North America: 3
Central and South America: 5
Total Countries: 46
Australia: I have visited Melbourne, Victoria. It was a wonderful and fascinating place with the nicest people. Australia is a very modern country, yet has such amazing animals. Kangaroos, Koala’s and other strange animals. My favorite were the cockatoo’s, parrots and other birds that were just flying around in the wild. My wife and I love Grant’s Picnic Grounds. More amazing yet are the friendly people I would meet. We partner with Stairway Church in Melbourne.
Austria: I visited Austria when I was young in 1983 and was able to go back in 2012. I love the beautiful mountains and amazing old buildings. When you go to Austria, you just want to sing, “The hills come alive, with the sound of music” and run through the meadows. Eat as much chocolate as possible in Austria, it is so good!
Belgium: I first visited this in 1983 and again in 2011. I remember very narrow streets in the capital, Brussels. We were desperately trying to find our guest house (based on the book, “Europe on $1.00 a day”.) The one we found was $5.00. In Belgium they spoke a lot of French, but we didn’t have a French speaker with us, only German so we didn’t stay to long. In Belgium they have chocolate tours. Highly recommended!
Brazil: Brazil is an amazing country, but very far from Cambodia. It took me three days to travel there! Once there I visited southern Brazil. I loved the food, very European, but even better! Best Italian food in the world. . .even better than Italy I am told! I loved visiting Brazilian farms and learning about the agriculture technology there. The people are so friendly, but it is an expensive country to visit. I visited Foz de Iguazu with its giant waterfalls. Truly breathtaking.
Cambodia: I have lived in Cambodia longer than any place in the world, rapidly approaching two decades. I have seen Cambodia grow from a country in civil war in which every building was scared by bullet holes and ever road unpaved dirt, to a capital city with skyscrapers and luxury vehicles at every turn. The transformation has been astounding. The temples of Angkor are fascinating and a must-see for anyone in the world. My wife is Cambodian, all my kids are citizens as well and hopefully one day I will be too. This is my home.
Canada: The most beautiful stretch of road I have ever been on is the Highway number 1 from Vancouver to Calgary. I did it on Boxing Day, December 26, with a friend of mine during a snow storm. Unbelievable beauty! Yes, we were doing the trip over a woman and yes, my friend did marry her so it was worth it! Lake Louise and Banff National Park are probably the most beautiful chateaus and scenic parks in the world.
China: I have been to Guangzhou, Shanghai and Beijing. All three were very crowded and had large infrastructure projects just to boggle the mind with their immense size. The Forbidden City was massive (Emperors palace)! Beijing was a disappointment in that for a whole week there the pollution and fog was so thick we could never see the Great Wall of China. Can you see it from space? I doubt it, you can barely see it in China!
Colombia: I visited Bogota and enjoyed very much the Monseratte church on the mountain overlooking the city. The people were so nice and friendly. The uncomfortable aspect was the constant presence of soldiers and a horrendous amount of graffiti on every building. The famous Colombian coffee was great, yet weaker than Asian coffees. I also got Colombian emeralds for my wife.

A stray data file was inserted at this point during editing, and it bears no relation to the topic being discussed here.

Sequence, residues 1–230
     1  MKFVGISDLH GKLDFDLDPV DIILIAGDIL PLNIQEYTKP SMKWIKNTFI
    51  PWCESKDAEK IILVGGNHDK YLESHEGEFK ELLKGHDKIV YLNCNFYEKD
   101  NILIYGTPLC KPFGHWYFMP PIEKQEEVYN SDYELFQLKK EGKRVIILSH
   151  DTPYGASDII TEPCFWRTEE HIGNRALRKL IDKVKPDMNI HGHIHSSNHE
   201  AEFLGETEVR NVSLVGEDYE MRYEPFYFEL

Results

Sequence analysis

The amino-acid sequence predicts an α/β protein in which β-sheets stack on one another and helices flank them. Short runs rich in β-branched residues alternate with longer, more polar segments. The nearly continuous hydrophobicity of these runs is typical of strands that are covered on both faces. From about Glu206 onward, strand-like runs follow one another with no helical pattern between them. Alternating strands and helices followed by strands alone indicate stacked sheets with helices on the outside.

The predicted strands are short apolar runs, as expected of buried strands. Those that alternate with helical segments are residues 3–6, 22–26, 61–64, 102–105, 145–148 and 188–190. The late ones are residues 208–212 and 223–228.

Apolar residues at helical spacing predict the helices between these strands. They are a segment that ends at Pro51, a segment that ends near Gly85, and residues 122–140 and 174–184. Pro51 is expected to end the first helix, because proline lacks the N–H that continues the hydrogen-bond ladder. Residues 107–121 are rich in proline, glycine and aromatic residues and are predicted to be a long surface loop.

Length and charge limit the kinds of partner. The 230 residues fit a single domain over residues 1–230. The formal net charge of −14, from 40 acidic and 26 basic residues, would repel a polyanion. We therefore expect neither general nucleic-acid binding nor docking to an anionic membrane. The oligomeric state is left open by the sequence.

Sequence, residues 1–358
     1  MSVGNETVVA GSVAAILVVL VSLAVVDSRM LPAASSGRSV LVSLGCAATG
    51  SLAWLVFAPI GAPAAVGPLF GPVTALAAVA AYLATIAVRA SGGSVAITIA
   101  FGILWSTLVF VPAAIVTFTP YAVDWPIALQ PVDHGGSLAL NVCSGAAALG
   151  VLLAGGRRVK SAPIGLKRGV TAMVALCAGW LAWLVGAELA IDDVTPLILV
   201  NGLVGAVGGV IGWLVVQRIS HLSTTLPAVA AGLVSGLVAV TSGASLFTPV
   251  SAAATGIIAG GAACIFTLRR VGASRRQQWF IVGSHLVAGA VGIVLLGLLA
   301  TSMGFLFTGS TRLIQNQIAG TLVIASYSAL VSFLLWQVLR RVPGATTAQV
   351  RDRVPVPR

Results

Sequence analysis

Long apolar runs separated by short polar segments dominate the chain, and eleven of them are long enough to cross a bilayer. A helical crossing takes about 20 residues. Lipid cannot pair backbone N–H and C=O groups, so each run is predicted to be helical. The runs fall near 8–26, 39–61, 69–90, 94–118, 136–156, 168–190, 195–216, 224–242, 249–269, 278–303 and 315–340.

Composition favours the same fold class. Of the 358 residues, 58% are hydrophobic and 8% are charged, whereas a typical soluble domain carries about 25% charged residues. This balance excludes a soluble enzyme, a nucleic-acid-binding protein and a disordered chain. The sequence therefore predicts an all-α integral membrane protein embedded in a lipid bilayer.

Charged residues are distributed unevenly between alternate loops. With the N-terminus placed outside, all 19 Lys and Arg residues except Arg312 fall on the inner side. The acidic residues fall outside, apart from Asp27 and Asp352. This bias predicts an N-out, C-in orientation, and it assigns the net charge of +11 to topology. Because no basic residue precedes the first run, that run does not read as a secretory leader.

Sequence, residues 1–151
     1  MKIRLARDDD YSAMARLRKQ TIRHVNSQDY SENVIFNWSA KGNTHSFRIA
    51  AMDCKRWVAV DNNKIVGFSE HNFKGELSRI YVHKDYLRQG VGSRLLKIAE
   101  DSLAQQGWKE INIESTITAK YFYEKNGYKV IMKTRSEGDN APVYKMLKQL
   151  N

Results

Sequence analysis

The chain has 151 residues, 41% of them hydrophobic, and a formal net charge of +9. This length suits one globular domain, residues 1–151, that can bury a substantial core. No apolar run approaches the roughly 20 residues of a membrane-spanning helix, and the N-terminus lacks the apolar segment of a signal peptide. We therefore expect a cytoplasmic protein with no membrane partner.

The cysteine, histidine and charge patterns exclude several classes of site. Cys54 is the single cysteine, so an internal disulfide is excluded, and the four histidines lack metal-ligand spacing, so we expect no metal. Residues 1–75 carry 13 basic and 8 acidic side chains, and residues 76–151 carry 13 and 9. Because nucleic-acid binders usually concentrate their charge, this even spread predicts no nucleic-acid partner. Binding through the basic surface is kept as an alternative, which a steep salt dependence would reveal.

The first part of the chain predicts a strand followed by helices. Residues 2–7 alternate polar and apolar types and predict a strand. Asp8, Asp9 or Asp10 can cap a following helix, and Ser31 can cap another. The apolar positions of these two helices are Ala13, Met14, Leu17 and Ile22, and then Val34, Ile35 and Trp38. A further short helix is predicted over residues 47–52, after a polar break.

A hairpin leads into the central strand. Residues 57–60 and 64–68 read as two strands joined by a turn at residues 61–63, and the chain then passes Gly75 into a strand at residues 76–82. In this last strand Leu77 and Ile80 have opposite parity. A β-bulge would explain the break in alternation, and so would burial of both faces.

Ethiopia: This was the first country I have visited in Africa. It is an amazing country steeped in centuries of Christian tradition. It is the only country in Africa that was never colonized, though the Italians tried. As a result the nation has many unique customs and traditions. They keep time differently, they track the years differently (it is 8 years behind everyone else) and they even have 13 months in a year as well. The people are very polite and friendly and rarely aggressive unlike some other African countries.
Germany: The most beautiful parts of Germany I recall were the black forest and Neuschwanstein Castle. Its beauty is amazing. We drove all around the country in a VW Van. We even dared the Autobahn, but alas the VW Van is not made for any joy on the autobahn! Although it is slightly unrelated, my favorite race car driver in the whole world is Michael Schumacher. He’s from Germany. In 2011 I drove for on the Autobahn for the first time in my life, sadly I was driving a natural gas powered 1971 Volvo and could barely get 100kph. Oh to have a Mercedes!
Guatemala: I so enjoyed the people and as a single young man in those days found the women very attractive. The women just hug and kiss all the guys, almost at random! During my stay I was doing evangelism with a wonderful Guatemalan family. Many people came to faith in Christ which was awesome. On a day off, they took us to the town of Antigua, but here I was robbed at gun point. It was the only time I was ever robbed at gun point, so obviously stands out in my mind.
Hong Kong, SAR: Lights everywhere. I think businesses compete to have the most lights on their business. I visited Hong Kong when it was still under British rule, but now it is under China again. I played elevator tag for hours on end with my brother. Having buildings as tall as 40 and 50 floors can provide a lot of entertainment! As an adult I was amazed with the efficiency and speed of the nation. I still want to play elevator tag!